Tea Terroir
ter·roir  /terˈwär/  noun
the complete natural environment in which a particular crop is produced, including factors such as the soil, topography, and climate.


Tea is the most consumed beverage in the world (besides water) and the import value of all tea brought into the United States exceeds $12B annually. However, it is estimated that fewer than 100 acres of Camellia sinensis are planted in the US today. Although Camellia sinensis is a sub-tropical crop, it does grow well in California with extended harvest seasons. In the 1960’s, UC Davis initiated a project to investigate tea production in California and it led to the selection of several tea cultivars well suited for central valley growing. The decades-long study concluded that California grown plants could produce up to one ton of processed (dried) tea per acre, matching tea production rates in China. In spite of these important findings, the study was terminated in the early 1980’s partly due to new trading opportunities with China. Thirty-seven years later, increased tea consumption in the US and increased labor costs in tea growing regions world wide have renewed interest in growing Camellia sinensis in California. Sustainable farming of any crop is of great importance today with much attention focused on controlling phosphorous and nitrogen fertilizers to minimize environmental impact. Research in the Gervay-Hague laboratory centers on the synthesis of plant-associated glycolipids to enable integrated chemical measurements of microbial biomarkers associated with sustainable propagation and growth of tea in California. Bacterial and fungal species residing in the soil serve important roles in nitrogen fixation, phosphorous uptake and aluminum detoxification. The evanescent nature of chemical exchange and enzyme activity demands high sensitivity detection and special attention to collecting plant/microbial tissues for chemical measurements. To achieve this goal, a team of scientists led by Jacquelyn Gervay-Hague is propagating California tea cultivars in controlled environments. They are establishing standard protocols for extracting metabolites from host tissue and efficient synthetic methods for the preparation of plant and microbial glycolipids are under development to generate chemical measurement databases.(1-5) Access to pure glycolipid standards is necessary to fully utilize and integrate mass spectrometry, high performance liquid chromatography, gas chromatography, and nuclear magnetic resonance measurements to track metabolites and determine their origin. Preliminary chemical profiling studies involving host/mammalian tissue interactions have utilized azide/alkyne cycloaddition methods for in vitro metabolic-labeling to enable qualitative and quantitative measurement with femtomolar detection limits.(6) Analyses of these data sets have led to the new understanding that microbes acquire sugars, phospholipids and cholesterol from the host, and then assemble these chemical building blocks into various forms of cholesteryl glycosides that are transferred back to the host to allow symbiotic relationships to form. These approaches are now being applied to the study of Camellia sinensis and associated microbes to discover symbiotic relationships that promote plant sustainability.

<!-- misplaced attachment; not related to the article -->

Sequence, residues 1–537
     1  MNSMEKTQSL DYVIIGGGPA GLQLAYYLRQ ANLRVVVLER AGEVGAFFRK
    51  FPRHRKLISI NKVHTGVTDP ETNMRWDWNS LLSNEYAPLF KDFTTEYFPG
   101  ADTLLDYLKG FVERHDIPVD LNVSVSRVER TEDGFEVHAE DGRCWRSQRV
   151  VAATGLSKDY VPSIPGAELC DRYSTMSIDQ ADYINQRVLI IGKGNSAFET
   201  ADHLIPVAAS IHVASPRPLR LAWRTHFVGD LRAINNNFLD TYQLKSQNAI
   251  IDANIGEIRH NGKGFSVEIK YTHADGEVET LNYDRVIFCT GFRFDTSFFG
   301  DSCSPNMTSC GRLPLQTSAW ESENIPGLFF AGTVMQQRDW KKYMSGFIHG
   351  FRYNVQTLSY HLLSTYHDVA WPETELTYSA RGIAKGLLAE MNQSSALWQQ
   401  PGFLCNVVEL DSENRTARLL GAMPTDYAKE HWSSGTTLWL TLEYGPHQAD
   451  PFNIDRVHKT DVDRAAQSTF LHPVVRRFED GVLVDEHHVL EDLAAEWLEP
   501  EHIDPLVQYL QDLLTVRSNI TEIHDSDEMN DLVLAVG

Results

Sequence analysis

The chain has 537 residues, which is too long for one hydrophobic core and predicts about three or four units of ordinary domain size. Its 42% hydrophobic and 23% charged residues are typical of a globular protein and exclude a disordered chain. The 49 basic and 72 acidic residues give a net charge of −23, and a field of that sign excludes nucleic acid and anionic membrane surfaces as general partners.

1. Schombs M, Park FE, Du W, Kulkarni SS, Gervay-Hague J. One-pot syntheses of immunostimulatory glycolipids. J Org Chem. 2010;75(15):4891-8. Epub 2010/04/15. doi: 10.1021/jo100366v. PubMed PMID: 20387787; PMCID: 2912955.
  2. Nguyen HQ, Davis RA, Gervay-Hague J. Synthesis and Structural Characterization of Three Unique Helicobacter pylori α-Cholesteryl Phosphatidyl Glucosides. Angew Chem Int Edit. 2014;126:1-5. doi: 10.1002/ange.201406529.
  3. Gervay-Hague J. Taming the Reactivity of Glycosyl Iodides To Achieve Stereoselective Glycosidation. Acc Chem Res. 2015. doi: 10.1021/acs.accounts.5b00357. PubMed PMID: 26524481.
  4. Davis RA, Fettinger JC, Gervay-Hague J. Tandem Glycosyl Iodide Glycosylation and Regioselective Enzymatic Acylation Affords 6-O-Tetradecanoyl-alpha-D-cholesterylglycosides. Journal of Organic Chemistry. 2014;79(17):8447-52. doi: 10.1021/Jo501371h. PubMed PMID: WOS:000341345400072.
  5. Davis RA, Fettinger JC, Gervay-Hague J. Synthesis of cholesteryl-alpha-D-lactoside via generation and trapping of a stable beta-lactosyl iodide. Tetrahedron Letters. 2015;56(23):3690-4. doi: 10.1016/j.tetlet.2015.05.012. PubMed PMID: WOS:000356544800180.
  6. Jan H-M, Chen Y-C, Shih Y-Y, Huang Y-C, Tu Z, Ingle AB, Liu S-W, Wu M-S, Gervay-Hague J, Mong K-KT, Chen Y-R, Lin C-H. Metabolic labelling of cholesteryl glucosides in Helicobacter pylori reveals how the uptake of human lipids enhances bacterial virulence. Chem Sci. 2016;7(9):6208-16. doi: 10.1039/C6SC00889E.


The Projects:

Natural Product Isolation and Detection of Glycolipids in Tea

Phospholipid Profiling of Tea Extract

Synthesis of Chemical Probes for Metabolic Studies of Tea